Editor’s Note: This story has been updated as of 3 p.m. 6/11/2015 to reflect that no injuries resulted from the storm. Incorrect information was supplied to The Daily Eastern News.
Severe weather in Coles County ended with straight-line winds damaging Charleston High School’s gymnasium Sunday.
Charleston Fire Department Chief Pat Goodwin said no injuries occurred as a result of the storm, though there were 29 reports of vehicle or structural damages.
Dan Ensign, the Coles County Emergency Management Agency director, said the damage to Baker Gymnasium at CHS is estimated to cost about $500,000 or more.
He said water damaged the gym floor causing it to warp, and it will have to be replaced along with the tile and insulation.
Special teams will have to come in and remediate the insulation replacement, Ensign said. The roof will also have to be repaired.
He said some Charleston businesses also lost and will have to replace portions of their roofs, and many power lines and trees had fallen down.
“It was hard to assess the damage we had because of the power lines; you couldn’t get in there to the residences to see how bad they were,” Ensign said. “We had to wait until (Monday) morning when Ameren got there to get power restored so we could see what’s going on.”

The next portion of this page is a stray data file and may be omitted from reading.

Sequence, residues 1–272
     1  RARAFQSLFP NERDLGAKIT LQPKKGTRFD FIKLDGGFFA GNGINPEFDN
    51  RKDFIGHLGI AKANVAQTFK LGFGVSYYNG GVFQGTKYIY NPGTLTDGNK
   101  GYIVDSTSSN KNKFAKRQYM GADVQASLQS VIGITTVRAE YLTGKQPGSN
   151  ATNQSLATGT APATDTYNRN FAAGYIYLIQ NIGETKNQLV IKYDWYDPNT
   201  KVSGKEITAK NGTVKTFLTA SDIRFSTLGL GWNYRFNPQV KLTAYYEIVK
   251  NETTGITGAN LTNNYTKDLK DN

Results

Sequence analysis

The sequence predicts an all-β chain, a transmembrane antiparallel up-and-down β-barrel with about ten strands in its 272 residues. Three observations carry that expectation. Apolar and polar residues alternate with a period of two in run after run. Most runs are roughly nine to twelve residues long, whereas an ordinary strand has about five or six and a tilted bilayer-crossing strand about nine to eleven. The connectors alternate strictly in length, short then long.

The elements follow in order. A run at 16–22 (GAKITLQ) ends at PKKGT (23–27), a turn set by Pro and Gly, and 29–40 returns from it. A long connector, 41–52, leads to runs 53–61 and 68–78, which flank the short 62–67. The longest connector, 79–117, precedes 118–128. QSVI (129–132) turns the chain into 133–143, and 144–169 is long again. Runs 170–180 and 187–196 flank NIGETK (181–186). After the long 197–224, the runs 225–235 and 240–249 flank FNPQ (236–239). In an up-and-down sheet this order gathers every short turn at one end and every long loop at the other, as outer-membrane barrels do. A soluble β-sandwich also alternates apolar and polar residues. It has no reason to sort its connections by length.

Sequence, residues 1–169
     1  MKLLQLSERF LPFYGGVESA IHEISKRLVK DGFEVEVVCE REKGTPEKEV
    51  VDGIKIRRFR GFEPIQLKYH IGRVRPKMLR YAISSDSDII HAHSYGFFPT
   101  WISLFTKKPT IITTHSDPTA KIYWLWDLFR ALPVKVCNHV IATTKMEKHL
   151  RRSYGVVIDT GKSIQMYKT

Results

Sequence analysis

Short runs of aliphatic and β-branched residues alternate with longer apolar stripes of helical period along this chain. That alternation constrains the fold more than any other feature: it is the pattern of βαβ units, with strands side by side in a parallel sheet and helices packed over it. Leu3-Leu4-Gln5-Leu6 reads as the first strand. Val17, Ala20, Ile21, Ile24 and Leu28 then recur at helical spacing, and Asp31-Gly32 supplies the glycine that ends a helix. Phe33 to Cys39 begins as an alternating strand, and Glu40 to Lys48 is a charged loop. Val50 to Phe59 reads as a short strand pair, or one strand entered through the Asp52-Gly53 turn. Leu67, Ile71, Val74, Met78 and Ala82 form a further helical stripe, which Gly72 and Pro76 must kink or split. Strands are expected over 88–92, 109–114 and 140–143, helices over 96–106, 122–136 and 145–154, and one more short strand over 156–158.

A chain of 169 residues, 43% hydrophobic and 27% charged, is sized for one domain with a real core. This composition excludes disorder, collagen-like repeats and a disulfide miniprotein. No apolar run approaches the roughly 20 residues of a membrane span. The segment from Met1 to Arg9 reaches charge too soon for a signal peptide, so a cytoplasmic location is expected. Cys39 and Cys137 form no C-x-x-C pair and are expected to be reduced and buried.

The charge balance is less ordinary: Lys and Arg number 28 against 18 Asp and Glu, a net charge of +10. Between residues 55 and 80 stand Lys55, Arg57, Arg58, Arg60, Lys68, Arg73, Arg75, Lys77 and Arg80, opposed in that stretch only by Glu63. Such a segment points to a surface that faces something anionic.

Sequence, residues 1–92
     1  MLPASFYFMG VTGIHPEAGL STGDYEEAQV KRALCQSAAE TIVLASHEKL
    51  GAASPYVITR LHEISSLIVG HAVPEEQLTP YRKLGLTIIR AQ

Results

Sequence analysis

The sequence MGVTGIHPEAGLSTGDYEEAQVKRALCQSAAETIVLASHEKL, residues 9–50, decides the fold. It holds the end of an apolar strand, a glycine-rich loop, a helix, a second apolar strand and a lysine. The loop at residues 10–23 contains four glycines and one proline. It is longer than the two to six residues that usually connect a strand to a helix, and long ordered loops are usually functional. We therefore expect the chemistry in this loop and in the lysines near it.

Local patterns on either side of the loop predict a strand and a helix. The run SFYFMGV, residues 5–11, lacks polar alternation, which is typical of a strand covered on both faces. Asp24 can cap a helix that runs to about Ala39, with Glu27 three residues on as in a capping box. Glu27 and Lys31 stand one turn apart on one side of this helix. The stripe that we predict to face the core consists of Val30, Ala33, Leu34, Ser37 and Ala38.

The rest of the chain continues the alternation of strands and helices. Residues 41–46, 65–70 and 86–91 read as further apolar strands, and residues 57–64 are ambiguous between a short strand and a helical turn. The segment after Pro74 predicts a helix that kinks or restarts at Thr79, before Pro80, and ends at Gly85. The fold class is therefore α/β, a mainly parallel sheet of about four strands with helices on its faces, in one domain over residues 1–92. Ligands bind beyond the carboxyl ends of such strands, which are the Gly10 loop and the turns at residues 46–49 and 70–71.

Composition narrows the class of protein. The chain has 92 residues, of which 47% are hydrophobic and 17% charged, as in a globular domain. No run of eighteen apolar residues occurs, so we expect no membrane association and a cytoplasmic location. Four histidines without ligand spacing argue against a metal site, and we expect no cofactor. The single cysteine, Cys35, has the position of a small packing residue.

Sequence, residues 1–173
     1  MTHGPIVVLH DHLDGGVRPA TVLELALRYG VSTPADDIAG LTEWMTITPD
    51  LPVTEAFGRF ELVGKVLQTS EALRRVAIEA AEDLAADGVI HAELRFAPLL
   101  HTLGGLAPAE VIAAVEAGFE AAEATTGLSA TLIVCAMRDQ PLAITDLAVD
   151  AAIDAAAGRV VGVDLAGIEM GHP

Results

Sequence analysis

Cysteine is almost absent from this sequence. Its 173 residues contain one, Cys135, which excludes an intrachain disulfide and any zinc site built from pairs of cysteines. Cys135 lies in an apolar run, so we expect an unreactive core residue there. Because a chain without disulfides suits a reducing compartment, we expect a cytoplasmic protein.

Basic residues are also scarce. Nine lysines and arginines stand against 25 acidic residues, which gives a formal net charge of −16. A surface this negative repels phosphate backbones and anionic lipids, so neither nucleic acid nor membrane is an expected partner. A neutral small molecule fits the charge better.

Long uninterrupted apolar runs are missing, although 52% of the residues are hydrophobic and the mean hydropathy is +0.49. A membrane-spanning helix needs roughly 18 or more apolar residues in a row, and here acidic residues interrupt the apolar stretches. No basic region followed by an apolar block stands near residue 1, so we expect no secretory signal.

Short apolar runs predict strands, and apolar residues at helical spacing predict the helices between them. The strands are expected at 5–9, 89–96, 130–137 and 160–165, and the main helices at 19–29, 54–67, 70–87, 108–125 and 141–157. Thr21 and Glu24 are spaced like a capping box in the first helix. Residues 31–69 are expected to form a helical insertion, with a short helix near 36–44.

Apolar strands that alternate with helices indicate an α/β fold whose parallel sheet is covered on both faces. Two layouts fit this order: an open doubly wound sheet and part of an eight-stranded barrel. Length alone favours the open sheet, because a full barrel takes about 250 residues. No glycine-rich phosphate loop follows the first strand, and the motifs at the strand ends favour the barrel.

Additional damage occurred to an empty grain bin on North Fifth Street that was taken off its foundation and crushed, the cost of which is still unknown, Ensign said.
He said a cold front came “out of nowhere” and slowly approached the Coles County area where it mixed with a warm front. The National Weather Service issued a severe thunderstorm warning from about 7:20 p.m. to 10:45 p.m. A watch was then issued until 3 a.m. but was canceled at 12:10 a.m. Monday.
Ensign said Ashmore was under a tornado warning during the same time of the thunderstorm warning.
“They did have damage from straight-line winds,” he said. “(There was) rotation in the air in Ashmore, but it never touched down and formed into a tornado.”
Meanwhile, Mattoon only experienced rain and wind and did not report any damage, nor did any other town in the county.
Ensign said straight-line winds build up in the atmosphere until they shoot down with 80 to 90 mph winds. Though they cause damage like a tornado would, straight-line winds do not have the rotation of tornadoes.
“I’d rather have the straight-line winds than I would a tornado,” he said. “The damage is not enough to level a house. It does damage that’s repairable, but generally people don’t die from it.”
The Coles County area was also under flash flood warning because the 6 inches of rain in Champaign could have potentially overflowed the Embarras River, Ensign said.
“All in all, we got lucky,” he said.
Stephanie Markham can be reached at 581-2812 or [email protected]